A lot of attention and money have been spent on HIV prevention in the black community—we make up almost 50 percent of newly diagnosed cases in the United States—but what happens if you do test positive? Is it the death sentence that it once was in the early ’80s? Not at all. A new report published in The Lancet, states that the life expectancy of HIV patients taking antiretroviral (ARV) therapy in developed countries has increased more than 13 to a total of 49 years after testing positive. AIDS deaths have also dropped by almost 40 percent.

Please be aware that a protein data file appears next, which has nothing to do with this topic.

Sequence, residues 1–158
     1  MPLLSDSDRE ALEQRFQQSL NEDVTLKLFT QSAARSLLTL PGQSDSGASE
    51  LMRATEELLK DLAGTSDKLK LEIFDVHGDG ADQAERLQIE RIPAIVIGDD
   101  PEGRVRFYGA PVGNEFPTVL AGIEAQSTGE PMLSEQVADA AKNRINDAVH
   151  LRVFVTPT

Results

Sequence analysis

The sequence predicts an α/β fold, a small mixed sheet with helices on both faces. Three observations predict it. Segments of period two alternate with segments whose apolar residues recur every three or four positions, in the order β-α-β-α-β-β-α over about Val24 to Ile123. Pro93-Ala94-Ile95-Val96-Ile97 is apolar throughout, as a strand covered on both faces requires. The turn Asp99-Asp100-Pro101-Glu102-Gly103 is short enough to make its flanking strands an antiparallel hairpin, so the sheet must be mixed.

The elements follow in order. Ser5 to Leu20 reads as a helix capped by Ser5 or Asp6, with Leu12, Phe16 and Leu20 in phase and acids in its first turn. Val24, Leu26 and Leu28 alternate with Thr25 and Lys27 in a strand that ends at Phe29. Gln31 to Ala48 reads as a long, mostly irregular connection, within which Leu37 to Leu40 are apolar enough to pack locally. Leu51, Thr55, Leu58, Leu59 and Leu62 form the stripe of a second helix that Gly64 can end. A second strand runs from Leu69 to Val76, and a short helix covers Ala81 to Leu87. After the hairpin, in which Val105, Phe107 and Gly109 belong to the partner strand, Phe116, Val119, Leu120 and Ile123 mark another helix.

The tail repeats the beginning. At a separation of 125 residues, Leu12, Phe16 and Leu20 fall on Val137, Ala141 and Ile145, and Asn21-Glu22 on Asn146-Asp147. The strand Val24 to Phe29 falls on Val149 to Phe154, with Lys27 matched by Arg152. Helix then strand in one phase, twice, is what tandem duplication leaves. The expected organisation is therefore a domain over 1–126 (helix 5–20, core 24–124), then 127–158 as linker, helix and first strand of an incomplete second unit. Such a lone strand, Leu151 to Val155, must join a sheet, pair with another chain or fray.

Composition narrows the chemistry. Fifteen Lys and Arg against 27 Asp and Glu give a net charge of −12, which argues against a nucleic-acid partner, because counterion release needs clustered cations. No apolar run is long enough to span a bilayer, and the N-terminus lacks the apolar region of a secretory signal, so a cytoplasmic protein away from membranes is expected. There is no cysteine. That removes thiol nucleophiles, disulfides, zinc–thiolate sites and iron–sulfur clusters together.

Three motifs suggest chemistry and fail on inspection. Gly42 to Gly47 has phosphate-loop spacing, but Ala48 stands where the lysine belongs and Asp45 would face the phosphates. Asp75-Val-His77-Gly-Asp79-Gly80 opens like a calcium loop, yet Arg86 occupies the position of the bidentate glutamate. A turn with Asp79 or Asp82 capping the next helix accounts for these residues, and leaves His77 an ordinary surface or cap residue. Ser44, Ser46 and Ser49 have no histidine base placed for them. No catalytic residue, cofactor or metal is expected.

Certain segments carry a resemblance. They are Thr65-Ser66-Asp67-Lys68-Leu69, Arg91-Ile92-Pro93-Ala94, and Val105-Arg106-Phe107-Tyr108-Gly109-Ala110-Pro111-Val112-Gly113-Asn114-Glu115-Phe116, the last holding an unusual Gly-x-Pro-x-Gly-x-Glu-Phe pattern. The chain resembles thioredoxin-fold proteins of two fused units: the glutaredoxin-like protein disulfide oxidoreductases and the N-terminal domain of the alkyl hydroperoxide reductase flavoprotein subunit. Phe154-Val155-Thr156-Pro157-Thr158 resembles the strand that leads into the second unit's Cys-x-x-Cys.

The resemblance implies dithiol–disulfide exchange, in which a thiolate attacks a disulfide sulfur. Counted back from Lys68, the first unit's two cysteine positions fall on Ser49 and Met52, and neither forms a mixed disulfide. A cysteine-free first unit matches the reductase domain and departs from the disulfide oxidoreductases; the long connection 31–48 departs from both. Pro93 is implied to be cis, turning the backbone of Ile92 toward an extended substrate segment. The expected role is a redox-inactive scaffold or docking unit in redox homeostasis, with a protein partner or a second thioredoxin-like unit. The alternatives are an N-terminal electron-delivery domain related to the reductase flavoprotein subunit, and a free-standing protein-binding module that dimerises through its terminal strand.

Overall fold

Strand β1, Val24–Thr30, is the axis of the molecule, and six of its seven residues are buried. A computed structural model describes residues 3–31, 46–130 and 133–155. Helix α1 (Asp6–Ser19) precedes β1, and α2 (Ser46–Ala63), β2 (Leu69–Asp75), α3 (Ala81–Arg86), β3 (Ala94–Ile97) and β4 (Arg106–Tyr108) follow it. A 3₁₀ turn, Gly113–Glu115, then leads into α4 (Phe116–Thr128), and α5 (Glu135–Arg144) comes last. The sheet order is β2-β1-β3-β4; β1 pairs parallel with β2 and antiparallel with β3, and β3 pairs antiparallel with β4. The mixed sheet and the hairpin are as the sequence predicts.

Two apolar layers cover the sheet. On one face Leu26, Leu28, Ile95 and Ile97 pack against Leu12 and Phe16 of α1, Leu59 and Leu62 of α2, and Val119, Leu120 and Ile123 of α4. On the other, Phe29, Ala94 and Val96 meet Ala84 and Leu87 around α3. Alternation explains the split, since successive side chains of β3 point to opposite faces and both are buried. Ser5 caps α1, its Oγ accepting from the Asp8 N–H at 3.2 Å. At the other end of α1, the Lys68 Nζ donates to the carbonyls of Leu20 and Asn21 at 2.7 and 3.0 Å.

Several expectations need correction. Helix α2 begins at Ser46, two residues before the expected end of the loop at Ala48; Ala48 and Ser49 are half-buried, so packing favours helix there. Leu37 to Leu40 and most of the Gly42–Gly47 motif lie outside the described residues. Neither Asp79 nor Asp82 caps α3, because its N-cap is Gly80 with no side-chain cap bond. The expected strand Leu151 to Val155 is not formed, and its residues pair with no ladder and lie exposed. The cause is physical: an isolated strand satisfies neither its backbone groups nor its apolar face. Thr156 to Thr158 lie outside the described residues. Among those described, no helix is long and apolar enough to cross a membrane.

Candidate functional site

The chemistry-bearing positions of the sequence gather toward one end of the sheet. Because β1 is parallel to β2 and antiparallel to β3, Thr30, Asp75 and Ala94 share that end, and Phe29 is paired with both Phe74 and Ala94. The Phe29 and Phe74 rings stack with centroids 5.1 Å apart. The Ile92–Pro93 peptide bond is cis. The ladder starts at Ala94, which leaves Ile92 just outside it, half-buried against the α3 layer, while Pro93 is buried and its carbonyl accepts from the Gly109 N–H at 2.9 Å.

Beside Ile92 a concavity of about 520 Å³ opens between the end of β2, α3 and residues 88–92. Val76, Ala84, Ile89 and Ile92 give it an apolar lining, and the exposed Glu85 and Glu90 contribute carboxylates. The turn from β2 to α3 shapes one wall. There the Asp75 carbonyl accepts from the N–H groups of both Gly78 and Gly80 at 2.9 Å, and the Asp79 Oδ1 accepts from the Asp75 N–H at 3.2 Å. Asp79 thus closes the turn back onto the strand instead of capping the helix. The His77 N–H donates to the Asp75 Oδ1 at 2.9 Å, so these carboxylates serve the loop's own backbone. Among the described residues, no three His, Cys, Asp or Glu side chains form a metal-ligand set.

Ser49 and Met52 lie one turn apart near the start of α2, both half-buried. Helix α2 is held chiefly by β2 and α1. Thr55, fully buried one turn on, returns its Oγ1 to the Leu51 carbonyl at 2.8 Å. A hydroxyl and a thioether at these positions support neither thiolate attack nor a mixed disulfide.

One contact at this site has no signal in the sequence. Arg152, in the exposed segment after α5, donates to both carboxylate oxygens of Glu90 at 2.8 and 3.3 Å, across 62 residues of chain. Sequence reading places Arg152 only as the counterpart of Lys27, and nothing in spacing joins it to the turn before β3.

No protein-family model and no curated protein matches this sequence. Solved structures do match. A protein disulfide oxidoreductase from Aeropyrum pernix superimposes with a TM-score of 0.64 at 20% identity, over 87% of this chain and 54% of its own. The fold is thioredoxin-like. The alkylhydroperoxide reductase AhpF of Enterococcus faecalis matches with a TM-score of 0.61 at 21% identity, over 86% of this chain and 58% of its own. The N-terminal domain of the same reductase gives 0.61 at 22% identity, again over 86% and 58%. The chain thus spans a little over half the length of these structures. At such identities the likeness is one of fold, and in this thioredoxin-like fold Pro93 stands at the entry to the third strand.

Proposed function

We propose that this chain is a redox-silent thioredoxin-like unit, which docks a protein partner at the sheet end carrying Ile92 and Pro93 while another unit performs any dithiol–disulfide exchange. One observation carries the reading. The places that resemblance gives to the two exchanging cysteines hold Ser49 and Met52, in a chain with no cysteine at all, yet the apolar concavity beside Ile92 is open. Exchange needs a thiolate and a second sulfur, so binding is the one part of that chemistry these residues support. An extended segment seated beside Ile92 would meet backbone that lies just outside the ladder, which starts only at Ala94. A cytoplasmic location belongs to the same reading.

“People on [ARV therapy] can live a fairly long life,” says lead researcher Robert Hogg, from the British Colombia Centre for Excellence in HIV/AIDS in Vancouver. “If they are a woman, they can marry and have a child and see the child grow up. If they’re going to school, they can graduate from university.”
But the researchers stress that people with HIV still fall through the cracks of the medical system and that not enough people are getting tested and linked to care to reap the benefits of the life-saving medications.

Learn where to get tested in your area at hivtest.org. Read more about living with HIV/AIDS in RH’s sister magazine, POZ, and at AIDSmeds.com.